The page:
Historically, technology has been known to advance at rates that keep pace with the needs of consumers and businesses at the same time. If you look deeply at the last twenty years, the explosion of growth in internet access and mobile technology has totally changed how things used to get done. Back in the 80’s, I remember having a console television, three television channels, and no access to cable. As the needs of the consumer expanded, cable companies began moving into remote areas and in the mid 90’s, our area finally had access to all of the, hmmm, wonderful? programming that was available in the more urban settings. This is how things used to evolve. What drives the daily expansion of technology today?
In the 9-1-1 Industry, any time during the 1990’s was a time of innovation. The need to receive location data from the caller was important and before long, it became the norm. Next came cell phone technology and the need to track locations via the handset to provide services that meet the expectations of the user. Today, the technology is advancing so rapidly, most in the industry can’t keep track. The 9-1-1 industry is no longer setting the standard, it’s along for the ride. CAD companies, telephony developers, and mapping software designers are building the next generation of tech that will drive the future, at least for the time being. Included in this rapid advancement is the expectation of text to 9-1-1, but what else is creeping. Systems are being designed to receive video calls, image transfers, and who knows, direct emergency contact from social media may not be far behind.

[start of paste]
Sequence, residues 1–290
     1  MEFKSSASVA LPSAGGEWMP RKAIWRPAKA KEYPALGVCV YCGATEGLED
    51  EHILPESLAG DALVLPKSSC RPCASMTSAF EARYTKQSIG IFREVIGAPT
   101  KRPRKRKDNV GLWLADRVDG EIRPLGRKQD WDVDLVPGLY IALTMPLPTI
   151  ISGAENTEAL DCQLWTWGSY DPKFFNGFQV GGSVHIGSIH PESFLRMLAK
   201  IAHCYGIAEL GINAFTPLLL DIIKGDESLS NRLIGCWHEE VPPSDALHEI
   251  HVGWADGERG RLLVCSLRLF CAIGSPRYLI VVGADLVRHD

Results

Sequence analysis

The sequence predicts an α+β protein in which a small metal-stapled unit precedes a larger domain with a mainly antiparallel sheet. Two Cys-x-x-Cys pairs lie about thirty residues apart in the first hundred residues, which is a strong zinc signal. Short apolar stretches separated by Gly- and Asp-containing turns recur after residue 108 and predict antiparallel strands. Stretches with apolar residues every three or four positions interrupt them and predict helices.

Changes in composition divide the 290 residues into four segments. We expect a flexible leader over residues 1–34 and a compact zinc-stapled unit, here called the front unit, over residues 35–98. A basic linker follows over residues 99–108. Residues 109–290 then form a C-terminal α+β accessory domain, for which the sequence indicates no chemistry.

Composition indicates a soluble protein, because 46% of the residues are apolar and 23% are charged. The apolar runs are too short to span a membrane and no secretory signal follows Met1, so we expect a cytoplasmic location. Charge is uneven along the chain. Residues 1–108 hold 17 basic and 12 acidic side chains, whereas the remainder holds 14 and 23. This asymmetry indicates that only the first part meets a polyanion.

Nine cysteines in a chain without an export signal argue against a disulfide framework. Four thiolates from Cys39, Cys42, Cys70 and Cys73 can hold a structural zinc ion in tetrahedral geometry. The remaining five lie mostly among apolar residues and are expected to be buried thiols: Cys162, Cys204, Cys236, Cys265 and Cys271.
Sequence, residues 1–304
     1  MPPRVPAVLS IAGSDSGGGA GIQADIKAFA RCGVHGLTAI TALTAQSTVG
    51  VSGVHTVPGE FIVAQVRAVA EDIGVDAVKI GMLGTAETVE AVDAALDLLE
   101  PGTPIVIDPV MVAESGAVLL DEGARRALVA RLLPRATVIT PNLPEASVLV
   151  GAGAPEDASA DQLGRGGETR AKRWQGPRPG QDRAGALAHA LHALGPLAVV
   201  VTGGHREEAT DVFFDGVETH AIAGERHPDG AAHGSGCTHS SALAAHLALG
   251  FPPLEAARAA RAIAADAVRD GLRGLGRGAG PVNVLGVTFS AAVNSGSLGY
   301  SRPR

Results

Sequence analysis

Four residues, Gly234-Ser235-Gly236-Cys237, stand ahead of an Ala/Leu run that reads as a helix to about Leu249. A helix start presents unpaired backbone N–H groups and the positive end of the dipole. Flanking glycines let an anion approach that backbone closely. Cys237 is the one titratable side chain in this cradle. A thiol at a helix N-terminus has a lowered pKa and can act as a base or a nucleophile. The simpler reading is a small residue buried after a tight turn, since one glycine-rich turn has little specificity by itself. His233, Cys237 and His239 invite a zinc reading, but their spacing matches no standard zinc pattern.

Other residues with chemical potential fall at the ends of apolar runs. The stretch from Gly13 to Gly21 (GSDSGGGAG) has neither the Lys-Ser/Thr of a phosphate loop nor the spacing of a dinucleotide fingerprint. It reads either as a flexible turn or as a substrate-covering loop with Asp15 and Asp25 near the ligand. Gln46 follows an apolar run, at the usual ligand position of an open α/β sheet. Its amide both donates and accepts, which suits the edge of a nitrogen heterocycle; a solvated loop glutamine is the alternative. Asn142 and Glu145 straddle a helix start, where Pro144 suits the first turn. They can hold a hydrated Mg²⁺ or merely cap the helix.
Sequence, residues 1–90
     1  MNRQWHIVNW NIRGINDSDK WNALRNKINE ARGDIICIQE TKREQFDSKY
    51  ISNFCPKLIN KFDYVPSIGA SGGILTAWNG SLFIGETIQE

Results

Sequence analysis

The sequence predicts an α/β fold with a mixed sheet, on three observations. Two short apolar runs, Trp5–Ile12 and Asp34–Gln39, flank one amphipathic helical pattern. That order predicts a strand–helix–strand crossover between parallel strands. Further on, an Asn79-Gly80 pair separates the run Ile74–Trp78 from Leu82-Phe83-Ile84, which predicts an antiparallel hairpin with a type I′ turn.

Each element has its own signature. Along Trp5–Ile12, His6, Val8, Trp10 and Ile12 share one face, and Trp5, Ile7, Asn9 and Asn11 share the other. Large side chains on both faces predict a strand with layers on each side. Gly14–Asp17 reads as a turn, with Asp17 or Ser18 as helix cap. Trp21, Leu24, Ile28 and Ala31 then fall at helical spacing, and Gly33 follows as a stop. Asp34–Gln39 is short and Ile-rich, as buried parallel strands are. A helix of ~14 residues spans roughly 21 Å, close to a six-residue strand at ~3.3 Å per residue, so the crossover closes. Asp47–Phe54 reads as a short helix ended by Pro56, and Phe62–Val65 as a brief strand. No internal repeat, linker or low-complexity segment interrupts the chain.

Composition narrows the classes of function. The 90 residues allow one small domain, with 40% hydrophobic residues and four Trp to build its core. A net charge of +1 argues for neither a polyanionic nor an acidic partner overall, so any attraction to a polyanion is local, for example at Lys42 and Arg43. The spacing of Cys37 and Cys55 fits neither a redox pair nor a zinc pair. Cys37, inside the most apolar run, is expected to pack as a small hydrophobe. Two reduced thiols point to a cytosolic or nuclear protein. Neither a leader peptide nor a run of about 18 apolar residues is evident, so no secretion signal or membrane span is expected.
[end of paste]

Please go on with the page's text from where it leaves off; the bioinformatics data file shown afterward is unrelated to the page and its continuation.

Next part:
I don’t oppose any advancements, but I do question who is deciding to set the expectations? Are we at a point where we need video to 9-1-1? Can we effectively train personnel to answer social media contact? Where will the industry draw a line and say we are effective and all expectations cannot be met, no matter how far the tech moves forward, mainly due to the involvement of human operators?
It’s time for the industry to take a breath, develop a strategic plan for the future, and go back to guiding the technology companies, not letting them guide us.
Disclaimer: The content of this blog and any opinions, observations, or ideas are mine and not associated in any way with my employer, The Reedy Creek Improvement District.